Posts Tagged how to write a brilliant title
Thriller writers – your first pages: 5 more book openings critiqued by @agentpete @anniesummerlee and me!
I’ve just guested again at Litopia, the online writers’ colony and community. Each week they have a YouTube show, Pop-Up Submissions, where five manuscripts are read and critiqued live on air by literary agent Peter Cox @agentpete and a guest, or sometimes two. This time the other guest was longtime Litopian Annie Summerlee @anniesummerlee , who has published short stories in a range of online publications.
The format is simple. Five manuscripts, each with a short blurb. We hear the opening pages, then discuss how they’re working – exactly as agents and commissioning editors would consider a submission. And there’s now an added goody – each month, the submission with the most votes is fast tracked to the independent publisher Head of Zeus, and several writers have already been picked up after appearing on the show. (So we take our critiquing very seriously… no pressure.)
As you can see, there is masses to learn from the chat room comments alone. The audience might not always know why something doesn’t work, but they know when they’re engaged, or confused, or disappointed, or laughing at things they shouldn’t, or eager to read more. It’s our job as trusty hosts to pinpoint the whys.
We talk about:
- Blurbs that don’t set up the story’s unique intriguing world, or tell us about the characters, or set up the story’s fascinating central dilemma.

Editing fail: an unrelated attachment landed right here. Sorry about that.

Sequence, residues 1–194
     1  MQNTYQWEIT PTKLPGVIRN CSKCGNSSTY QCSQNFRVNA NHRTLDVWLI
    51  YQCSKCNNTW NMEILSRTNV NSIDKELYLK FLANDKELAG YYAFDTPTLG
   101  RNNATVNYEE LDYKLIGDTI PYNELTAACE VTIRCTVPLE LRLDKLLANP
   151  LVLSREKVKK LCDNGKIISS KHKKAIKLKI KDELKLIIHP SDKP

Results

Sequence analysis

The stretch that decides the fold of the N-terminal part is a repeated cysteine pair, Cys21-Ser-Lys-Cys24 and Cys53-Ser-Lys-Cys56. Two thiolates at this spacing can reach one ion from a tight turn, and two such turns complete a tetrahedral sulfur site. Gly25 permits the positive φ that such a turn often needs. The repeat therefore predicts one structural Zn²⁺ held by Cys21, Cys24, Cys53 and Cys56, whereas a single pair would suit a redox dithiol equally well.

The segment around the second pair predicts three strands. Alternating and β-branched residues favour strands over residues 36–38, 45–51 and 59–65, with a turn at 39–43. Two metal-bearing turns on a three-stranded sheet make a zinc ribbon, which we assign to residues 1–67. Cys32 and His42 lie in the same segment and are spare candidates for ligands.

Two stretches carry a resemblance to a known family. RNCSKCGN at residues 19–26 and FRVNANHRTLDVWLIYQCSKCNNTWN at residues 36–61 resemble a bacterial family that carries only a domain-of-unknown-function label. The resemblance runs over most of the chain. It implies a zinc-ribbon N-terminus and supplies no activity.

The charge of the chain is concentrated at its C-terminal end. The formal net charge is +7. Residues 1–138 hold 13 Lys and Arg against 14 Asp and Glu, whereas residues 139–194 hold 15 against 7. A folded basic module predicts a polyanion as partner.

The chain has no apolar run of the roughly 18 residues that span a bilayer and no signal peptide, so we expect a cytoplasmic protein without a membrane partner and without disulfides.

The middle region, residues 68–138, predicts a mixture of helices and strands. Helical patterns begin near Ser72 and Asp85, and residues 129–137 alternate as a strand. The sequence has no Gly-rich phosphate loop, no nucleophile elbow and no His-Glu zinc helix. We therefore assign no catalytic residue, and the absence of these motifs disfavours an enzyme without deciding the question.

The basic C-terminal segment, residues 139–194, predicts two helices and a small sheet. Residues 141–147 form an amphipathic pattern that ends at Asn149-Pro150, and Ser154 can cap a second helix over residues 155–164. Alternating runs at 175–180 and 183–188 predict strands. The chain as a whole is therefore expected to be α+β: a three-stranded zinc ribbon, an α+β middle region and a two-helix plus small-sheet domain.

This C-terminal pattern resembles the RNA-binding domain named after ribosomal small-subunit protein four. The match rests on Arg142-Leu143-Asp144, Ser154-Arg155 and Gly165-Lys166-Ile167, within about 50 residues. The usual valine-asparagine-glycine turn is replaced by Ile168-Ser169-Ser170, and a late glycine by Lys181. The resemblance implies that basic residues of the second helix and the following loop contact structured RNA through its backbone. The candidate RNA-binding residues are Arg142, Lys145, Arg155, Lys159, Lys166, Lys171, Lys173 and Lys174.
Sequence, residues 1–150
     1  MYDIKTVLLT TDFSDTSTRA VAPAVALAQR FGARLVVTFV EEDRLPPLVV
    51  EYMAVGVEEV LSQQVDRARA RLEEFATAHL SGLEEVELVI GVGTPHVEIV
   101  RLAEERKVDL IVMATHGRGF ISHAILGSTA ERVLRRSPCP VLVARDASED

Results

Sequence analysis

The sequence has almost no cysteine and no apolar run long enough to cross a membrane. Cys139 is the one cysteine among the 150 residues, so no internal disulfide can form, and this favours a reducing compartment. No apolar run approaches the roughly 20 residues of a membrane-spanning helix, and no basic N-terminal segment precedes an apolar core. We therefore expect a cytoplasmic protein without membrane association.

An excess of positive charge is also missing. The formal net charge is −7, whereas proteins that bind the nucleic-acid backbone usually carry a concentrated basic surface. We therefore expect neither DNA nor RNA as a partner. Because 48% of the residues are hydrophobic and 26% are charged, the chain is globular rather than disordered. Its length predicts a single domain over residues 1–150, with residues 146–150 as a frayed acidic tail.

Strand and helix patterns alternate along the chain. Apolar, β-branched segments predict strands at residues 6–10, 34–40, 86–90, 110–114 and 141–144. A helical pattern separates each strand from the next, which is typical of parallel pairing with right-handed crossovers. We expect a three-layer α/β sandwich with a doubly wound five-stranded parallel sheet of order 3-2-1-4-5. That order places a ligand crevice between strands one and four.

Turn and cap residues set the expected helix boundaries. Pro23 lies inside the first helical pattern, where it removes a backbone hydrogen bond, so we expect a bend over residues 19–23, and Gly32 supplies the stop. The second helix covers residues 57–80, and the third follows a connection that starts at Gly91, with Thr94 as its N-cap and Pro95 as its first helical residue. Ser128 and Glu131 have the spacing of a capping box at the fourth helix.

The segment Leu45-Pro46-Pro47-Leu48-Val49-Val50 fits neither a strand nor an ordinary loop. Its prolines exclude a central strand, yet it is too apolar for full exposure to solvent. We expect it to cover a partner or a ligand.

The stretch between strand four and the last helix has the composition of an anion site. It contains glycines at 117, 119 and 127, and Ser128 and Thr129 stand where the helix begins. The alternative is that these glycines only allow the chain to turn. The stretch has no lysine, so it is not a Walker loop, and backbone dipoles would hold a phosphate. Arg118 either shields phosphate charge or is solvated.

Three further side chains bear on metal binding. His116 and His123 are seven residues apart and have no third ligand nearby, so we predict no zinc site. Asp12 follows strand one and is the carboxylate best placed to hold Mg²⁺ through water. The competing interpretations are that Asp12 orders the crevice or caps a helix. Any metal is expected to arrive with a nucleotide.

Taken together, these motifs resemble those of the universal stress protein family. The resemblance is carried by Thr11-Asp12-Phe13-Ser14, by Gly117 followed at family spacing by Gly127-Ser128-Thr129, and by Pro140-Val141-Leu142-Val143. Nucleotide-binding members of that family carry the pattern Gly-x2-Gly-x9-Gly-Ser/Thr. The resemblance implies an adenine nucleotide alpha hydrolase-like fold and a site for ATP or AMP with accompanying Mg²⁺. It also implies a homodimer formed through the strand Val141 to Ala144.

- Titles that are too general, or set the wrong tone, or not memorable enough, or just right.
- Where the author’s real interest is – how a sparkling line can help the author play to their true strengths.
- Openings that dawdle too long in setting and description or characters who clearly won’t be important.
- Whether it’s too soon to veer into back story and how much to include.
- Language that inadvertently comes across as comic.
- Misconceived opening scenes and whether the author would be better starting with a different kind of situation.
- Whether a novel sounds like a thriller – or something else! And what that ‘something else’ might be.
There’s a lot more about writing in my Nail Your Novel books – find them here. If you’re curious about my own work, find novels here and my travel memoir here. And if you’re curious about what’s going on at my own writing desk, here’s my latest newsletter. You can subscribe to future updates here.